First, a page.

Years ago a doctor asked my mother her definition of happiness and without batting an eye she said: Love and money.
When it came to fundamentals mother got right down to brass tacks.
A while back up in Washington a piece of the federal government – the National Academy of Sciences – decided Congress needed to figure out what makes people happy so it could pass bills to bring more joy to their lives – so the NSA did a study asking folks questions like how often they smile or laugh every day.
When the study was done the scientists carefully analyzed and weighed the data, intending to share the secret to happiness with Congress but the scientists ran head on into a roadblock.
The data showed 87% of the American people were already happy.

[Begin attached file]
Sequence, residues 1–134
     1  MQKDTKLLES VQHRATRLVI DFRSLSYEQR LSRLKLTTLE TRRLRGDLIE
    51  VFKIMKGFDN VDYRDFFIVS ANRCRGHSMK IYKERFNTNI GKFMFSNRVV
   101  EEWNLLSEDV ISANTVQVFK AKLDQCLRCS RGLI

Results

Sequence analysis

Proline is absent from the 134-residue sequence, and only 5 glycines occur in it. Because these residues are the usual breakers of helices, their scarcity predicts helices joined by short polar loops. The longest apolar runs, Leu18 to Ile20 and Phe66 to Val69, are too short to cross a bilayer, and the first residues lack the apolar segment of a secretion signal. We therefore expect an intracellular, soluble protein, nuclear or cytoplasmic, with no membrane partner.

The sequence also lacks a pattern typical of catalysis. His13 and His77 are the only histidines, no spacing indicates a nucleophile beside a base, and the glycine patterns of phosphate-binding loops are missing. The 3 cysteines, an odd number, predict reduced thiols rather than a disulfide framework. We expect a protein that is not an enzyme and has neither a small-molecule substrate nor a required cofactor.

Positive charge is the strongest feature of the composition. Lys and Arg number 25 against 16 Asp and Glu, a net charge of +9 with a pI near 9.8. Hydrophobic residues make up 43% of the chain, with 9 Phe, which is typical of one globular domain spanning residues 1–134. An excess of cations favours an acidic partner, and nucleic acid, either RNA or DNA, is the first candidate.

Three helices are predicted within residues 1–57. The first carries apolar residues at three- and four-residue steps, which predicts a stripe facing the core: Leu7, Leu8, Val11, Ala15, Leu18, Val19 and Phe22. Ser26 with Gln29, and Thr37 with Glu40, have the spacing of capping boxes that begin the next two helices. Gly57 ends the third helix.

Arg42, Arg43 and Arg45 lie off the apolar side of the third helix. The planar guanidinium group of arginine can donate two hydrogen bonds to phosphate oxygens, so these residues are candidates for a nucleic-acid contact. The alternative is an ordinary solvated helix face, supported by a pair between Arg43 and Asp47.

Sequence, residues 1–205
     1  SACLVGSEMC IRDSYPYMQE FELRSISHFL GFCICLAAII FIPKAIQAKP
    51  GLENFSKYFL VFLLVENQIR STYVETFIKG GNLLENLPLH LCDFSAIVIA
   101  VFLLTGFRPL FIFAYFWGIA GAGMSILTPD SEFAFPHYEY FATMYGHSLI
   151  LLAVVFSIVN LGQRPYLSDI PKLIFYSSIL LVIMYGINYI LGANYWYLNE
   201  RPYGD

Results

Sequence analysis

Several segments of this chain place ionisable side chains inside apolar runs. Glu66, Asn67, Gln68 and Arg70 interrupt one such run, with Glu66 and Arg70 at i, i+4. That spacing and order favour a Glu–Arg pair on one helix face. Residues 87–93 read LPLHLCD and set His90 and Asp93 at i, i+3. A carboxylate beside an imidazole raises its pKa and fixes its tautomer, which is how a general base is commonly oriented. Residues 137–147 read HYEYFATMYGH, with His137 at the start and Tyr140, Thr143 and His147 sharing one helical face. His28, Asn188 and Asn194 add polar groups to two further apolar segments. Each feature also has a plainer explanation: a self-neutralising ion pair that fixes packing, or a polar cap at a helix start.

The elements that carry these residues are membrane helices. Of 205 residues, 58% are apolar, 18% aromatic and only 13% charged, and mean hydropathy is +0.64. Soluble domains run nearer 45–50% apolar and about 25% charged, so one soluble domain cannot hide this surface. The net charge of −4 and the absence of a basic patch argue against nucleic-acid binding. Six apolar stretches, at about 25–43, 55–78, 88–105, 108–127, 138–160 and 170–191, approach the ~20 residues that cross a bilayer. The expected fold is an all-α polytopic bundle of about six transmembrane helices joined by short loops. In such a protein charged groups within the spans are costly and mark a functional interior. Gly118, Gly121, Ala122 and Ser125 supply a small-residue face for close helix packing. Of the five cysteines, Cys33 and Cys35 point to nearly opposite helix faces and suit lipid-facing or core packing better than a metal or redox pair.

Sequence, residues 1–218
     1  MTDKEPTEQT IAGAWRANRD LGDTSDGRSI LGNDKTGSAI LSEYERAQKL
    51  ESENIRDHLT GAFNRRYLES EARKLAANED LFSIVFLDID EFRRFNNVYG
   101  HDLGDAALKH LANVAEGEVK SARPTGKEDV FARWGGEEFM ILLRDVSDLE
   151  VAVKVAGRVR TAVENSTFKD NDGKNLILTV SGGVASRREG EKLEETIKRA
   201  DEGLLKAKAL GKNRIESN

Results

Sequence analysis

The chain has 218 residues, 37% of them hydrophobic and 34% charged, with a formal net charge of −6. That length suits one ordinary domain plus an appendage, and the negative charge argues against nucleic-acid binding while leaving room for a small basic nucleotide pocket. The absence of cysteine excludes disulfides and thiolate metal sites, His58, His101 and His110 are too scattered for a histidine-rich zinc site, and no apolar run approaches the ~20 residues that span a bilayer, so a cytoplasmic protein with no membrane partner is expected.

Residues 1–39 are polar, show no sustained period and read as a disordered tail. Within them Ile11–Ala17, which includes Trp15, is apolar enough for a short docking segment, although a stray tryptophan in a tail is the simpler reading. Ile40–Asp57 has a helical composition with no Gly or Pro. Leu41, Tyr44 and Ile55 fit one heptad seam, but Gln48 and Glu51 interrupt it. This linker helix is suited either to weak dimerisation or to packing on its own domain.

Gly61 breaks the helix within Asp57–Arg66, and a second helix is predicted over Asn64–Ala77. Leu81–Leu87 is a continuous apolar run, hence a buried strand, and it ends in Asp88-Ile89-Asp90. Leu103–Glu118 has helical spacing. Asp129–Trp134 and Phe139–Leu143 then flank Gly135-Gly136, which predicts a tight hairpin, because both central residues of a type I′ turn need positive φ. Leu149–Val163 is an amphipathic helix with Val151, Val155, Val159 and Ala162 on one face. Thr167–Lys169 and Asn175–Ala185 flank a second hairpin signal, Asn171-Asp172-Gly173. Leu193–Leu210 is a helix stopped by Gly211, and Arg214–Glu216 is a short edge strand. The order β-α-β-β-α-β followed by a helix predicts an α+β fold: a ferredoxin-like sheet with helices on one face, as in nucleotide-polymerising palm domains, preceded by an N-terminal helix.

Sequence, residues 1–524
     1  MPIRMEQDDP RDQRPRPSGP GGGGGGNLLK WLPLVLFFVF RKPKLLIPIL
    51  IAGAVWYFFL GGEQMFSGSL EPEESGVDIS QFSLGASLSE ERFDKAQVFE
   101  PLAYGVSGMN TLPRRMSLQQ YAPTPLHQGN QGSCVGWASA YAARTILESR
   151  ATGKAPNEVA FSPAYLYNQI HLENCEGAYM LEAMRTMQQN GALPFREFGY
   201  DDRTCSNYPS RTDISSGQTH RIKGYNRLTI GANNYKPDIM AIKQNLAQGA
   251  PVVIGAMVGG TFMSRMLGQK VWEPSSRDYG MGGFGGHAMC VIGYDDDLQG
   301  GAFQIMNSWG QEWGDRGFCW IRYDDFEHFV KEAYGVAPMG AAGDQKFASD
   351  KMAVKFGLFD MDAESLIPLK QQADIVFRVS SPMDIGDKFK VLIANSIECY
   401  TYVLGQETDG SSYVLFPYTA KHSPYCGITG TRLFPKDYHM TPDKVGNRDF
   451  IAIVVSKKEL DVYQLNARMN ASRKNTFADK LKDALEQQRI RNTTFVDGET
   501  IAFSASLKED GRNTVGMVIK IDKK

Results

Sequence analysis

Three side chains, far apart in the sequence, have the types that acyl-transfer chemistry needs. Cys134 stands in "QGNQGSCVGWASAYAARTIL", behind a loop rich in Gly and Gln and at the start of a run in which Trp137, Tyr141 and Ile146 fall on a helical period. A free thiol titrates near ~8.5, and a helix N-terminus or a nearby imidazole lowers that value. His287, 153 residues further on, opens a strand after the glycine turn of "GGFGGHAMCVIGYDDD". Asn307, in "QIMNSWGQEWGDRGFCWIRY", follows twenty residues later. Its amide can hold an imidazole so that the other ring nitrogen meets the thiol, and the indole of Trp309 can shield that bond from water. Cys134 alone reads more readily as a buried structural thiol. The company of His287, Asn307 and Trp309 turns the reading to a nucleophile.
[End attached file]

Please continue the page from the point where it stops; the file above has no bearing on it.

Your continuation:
Which left the scientists in a pickle: Because if Congress didn’t need to get into the happiness business the scientists could be out of a job.
So the scientists went to work to find a solution to their problem and they did: 87%, they announced, wasn’t good enough.
In fact, the scientists reported, sadly, that America only ranked a measly 17th on the world happiness index – while tiny Denmark, the home of Hamlet, ranked first – and, of course, the scientists had hit a nerve: No red-blooded American Congressman could let himself be outdone by a nation no bigger than Rhode Island.
Next the scientists announced they’d also discovered another startling fact: My mother was dead-wrong about money.
Folks get happier, the scientists reported, up to the exact point where they earn $36,000 a year (or $144,000 for a family of four).
After that, they get unhappier or, at best, their happiness flat lines and stays the same.
Finally the scientists reported the worst news of all: The USA, income-wise, has already passed the ‘bliss point.’
Americans are already making too much money to be happy.